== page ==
• Hi Celilia,

      Americans’ staunch support of various fast food franchises definitely demonstrates that convenience trumps most of the other issues—I agree with you! Although, there is a subset of Americans who choose not to patronize those establishments. To me, one of the best things about food in 2014 is the vast array of choices that are available.

      Thanks for reading and commenting. I appreciate your thoughts.

  3. Bobbi

    I find the pictures of the ‘modern’ farmers/rancher that seem to float around are the ‘backwoods hick’ version who drives a big wheeled 4×4, the Green Acres verion where everything is simple or the Villian Farmer who is out to poison the world. Every morning I look in the mirror at our small farm family and I don’t see anything like those 3 versions. We have a big job to change these images of a farmer to what we really look like. I am just an ordanary looking human who just happens to drive a full size pickup, who chose a career in food production instead of investment banking and tends to have a little organic ferilizer on most of my shoes. You are correct that no part of agriculture is simple but I have found very few things in life that are simple. Look forward to your next post!!! Enjoy our nice weather today!!!

    • I agree, Bobbi, on all counts. I made the same life choice that you did. It brings with it an array of challenges that ensures that no two days are exactly the same…

      I had a great few hours working cattle in the almost spring like weather today—so much better than the bitter cold that marked the first half of February!

      Good to hear from you.

  4. Love this post. It’s so easy to look in from the outside of anything and make suggestions and comments, but not so easy to implement them. We often forget to remember that walking a mile in someone else’s usually wields an unexpected perspective.

    I’m sure you have seen the articles and such about it, but there is a new book called In Meat We Trust: An Unexpected History of Carnivore America by Maureen Ogle that came out last fall. I haven’t had the chance to read it entirely but it seems to be less of an activist perspective and more historical/understanding of the complexity of meat production.

    • I love your book suggestion, Mandy. I am going to get myself a copy so that I can read it. Thank you for passing it along!

      Walking a mile in someone’s shoes is one of life’s greatest lessons. It is likely that each one of us needs to do it more often.

      Thank you for reading and commenting.

  5. I am looking forward to your next posts. I am always interested to hear what you have to say from a first hand perspective of being a farmer/rancher. You are right that those who don’t have this first hand experience are quick to judge with little fact or knowledge of the reality of the world you live daily. I am glad you keep bringing up these things that otherwise others wouldn’t know about or others would have a one sided view about. Keep up the good work Anne 🙂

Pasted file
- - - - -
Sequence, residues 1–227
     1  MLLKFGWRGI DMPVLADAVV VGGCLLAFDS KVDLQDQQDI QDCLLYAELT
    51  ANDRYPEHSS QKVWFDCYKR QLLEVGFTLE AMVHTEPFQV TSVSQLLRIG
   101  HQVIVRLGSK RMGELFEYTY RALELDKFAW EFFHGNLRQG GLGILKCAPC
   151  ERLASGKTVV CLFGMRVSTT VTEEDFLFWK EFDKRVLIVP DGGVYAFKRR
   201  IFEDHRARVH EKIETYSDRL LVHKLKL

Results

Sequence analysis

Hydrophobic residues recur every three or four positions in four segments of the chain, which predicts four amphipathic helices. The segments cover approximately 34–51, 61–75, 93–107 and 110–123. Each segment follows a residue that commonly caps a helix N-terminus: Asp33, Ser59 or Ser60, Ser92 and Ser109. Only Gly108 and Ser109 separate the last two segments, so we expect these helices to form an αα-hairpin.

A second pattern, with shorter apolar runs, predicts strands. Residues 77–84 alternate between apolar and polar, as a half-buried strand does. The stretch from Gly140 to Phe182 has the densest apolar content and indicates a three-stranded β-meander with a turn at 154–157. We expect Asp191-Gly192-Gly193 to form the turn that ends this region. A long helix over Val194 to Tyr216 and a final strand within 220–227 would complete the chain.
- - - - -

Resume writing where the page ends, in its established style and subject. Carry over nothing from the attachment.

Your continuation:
• Thank you, Kim. This one is an intellectual challenge for me, and I agree that the next few posts will be an interesting journey. I have never met Mr. Leonard, but did a fairly lengthy phone interview with him a little over a year ago.

      Good to hear from you—hope that your snow has melted and not left ice…We are finally warming up in Nebraska. I took my over-coat off when working cattle today for the first time in a long time.


      • It’s warmed up a little and the snow is beginning to melt off the hard surfaces, but not the ground yet. I also was able to wear one less layer, but still have to have that jacket and a hat as the wind is cold. Hope you have a blessed week 🙂

  6. I am an urban consumer and I am shocked at how little most folks know about food production.

    I heard the piece on “Meat Racket’ on NPR and I would like to know how much of it is truth and how much is hype. I will be following your posts.

    Thank you for the series and for all of your hard work.

    • Hello Cairenn,

      Thanks so much for reading and signing up to follow the blog. I am so glad that you have found me as a resource! This series of blogs is an important project of mine as I would really like to get balanced and quality information out to those folks that are searching for it.

      My “short take” is that Mr. Leonard only represented part of the food production story—the part that matched up with his initial opinions. I think that this is a shame because it paints an inaccurate picture. I also, quite frankly, was bothered by the tone/attitude of the book toward agriculture. There is a lot of judgement passed on a variety of topics — making sweeping generalizations that do not fit the complexity of growing a diverse supply of food.

      Hopefully I can do justice to filling in the gaps in the next couple of weeks as I offer my “long take”. Please feel free to ask questions along the way. I’d love your feedback as well!